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Thursday, December 10, 2015

CMS Marketplace Rules Could Improve Health Insurance Choices in 2017

Lydia Mitts

Associate Director of Affordability Initiatives


A year from now, consumers shopping for insurance on HealthCare.gov in federally facilitated marketplaces may be happy with some new plan choices and better protections for 2017. That's because, earlier this month, the federal government released new proposed requirements for plans sold on the health insurance marketplaces. The new requirements include network adequacy standards in the federally facilitated marketplaces and an expanded role for navigators in all states.

This blog focuses on one notable feature of the proposal: The government is encouraging insurers in the federally facilitated marketplaces to sell “standardized plan” designs that cover more health care services before consumers meet their deductibles. 

This is great news for consumers. Families USA supports the proposal and wants the government and insurers to go further to ensure that these plans will be available to all consumers living in states with federally facilitated marketplaces. The proposed standardized plan designs can be found in its proposed rule for 2017, and the public can comment on the proposal through December 21.

What is a “standardized plan”?

Standardized plans are designs that

  • Are developed by the marketplace
  • Have defined cost-sharing (the share of health care costs a consumer is responsible for paying) for covered services

Some state-based marketplaces—California, Connecticut, the District of Columbia, Massachusetts, New York, Oregon, and Vermont—have designed standardized plans that all insurers in the state marketplace are required to sell.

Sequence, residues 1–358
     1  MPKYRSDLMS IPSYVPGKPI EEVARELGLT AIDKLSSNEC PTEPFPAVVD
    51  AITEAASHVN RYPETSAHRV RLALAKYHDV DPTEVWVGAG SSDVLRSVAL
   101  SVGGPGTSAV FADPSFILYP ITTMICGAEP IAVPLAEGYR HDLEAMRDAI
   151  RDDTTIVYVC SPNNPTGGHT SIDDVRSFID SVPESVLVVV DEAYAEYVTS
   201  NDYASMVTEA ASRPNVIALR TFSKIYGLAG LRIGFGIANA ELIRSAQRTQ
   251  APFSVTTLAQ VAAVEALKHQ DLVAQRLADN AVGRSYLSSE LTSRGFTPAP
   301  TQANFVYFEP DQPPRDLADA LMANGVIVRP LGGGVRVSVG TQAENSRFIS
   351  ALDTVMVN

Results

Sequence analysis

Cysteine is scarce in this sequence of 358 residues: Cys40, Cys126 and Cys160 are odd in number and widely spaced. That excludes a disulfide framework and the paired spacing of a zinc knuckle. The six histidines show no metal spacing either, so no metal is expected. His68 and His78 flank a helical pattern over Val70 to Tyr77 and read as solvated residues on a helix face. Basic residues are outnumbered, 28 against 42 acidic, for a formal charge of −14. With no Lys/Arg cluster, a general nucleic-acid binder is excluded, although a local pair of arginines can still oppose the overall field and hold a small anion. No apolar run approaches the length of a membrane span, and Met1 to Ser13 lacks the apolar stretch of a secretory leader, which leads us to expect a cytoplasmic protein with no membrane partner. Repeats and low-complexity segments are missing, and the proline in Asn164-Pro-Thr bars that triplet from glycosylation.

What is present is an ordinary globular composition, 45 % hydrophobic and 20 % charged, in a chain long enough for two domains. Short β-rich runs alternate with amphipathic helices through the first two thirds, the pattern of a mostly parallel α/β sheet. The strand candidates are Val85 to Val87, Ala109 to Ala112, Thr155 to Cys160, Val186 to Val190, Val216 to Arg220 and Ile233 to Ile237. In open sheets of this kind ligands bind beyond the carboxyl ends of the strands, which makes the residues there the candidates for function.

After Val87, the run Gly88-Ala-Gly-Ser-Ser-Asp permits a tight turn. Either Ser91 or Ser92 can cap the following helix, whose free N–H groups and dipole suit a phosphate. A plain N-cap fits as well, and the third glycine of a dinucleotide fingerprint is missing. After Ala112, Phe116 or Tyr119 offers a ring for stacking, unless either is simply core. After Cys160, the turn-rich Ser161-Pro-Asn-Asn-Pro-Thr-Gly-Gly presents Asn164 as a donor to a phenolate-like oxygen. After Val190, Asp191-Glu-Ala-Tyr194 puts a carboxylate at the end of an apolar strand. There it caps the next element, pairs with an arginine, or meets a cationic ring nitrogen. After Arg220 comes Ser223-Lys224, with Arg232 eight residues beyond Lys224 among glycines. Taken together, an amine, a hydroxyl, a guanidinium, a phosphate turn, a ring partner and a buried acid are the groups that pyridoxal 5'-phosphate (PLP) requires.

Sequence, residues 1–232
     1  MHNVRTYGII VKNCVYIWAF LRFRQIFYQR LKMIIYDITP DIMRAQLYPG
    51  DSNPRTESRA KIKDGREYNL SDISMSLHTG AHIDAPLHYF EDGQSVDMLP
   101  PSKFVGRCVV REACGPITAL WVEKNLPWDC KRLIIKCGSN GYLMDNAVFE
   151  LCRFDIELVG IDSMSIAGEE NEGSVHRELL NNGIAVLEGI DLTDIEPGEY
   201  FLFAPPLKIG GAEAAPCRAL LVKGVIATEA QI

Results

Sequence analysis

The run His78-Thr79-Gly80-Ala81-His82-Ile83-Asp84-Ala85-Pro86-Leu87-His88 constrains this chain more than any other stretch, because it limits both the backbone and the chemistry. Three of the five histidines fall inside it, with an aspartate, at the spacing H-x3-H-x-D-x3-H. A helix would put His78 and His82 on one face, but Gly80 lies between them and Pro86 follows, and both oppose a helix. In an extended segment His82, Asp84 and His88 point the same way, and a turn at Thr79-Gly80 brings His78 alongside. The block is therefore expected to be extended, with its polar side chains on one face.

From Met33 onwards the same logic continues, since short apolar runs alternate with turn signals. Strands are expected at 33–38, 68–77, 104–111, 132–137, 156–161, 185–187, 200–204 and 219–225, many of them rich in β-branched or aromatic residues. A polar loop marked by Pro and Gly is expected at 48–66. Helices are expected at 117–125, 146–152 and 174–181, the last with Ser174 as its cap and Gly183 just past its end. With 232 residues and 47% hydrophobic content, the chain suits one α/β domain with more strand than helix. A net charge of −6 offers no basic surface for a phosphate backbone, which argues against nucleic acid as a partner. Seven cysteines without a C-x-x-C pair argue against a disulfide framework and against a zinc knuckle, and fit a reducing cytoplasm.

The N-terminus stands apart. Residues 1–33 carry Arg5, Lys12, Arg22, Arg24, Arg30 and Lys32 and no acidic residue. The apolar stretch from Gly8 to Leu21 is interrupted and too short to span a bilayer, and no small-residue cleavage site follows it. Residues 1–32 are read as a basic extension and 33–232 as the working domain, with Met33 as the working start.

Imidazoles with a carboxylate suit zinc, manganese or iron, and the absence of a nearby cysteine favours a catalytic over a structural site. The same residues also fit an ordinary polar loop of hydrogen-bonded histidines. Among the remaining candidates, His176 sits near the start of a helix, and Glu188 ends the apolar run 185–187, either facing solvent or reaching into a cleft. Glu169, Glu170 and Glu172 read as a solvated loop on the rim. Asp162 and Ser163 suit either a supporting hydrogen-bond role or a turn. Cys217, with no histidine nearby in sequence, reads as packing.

The federal government is encouraging insurers to sell standardized plans through its marketplace

Under the federal proposal, insurers selling through HealthCare.gov (federally facilitated marketplaces) next year would be encouraged--but not required--to sell standardized plans that were designed by the federal government with defined cost-sharing for many services. Insurers will be encouraged to offer standardized plans at the bronze, silver, and gold metal levels. These plans have standardized cost-sharing for most types of care covered by plans.

At the silver level, for example, the standard plan has a $3,500 deductible (the deductible will be lower for people who qualify for extra help paying costs). But even before they meet the deductible, people will receive immediate help paying for a number of services. Throughout the year, whether or not they have satisfied a deductible, consumers with the standardized plan:

  • Will only be responsible for copayments when they need primary care visits, specialty care visits, urgent care, outpatient mental health visits, and most prescription drugs
  • Will only pay co-insurance when they need specialty drugs 

The deductible will apply only when people use other services, such as inpatient hospital care. For instance, say a hospital visit is the first service someone needs during the year. People in a standard plan will be responsible for the first $3,500 (the amount of the deductible) and then for 20 percent of the remaining charges. (Deductibles will be less for people eligible for extra help with cost-sharing.)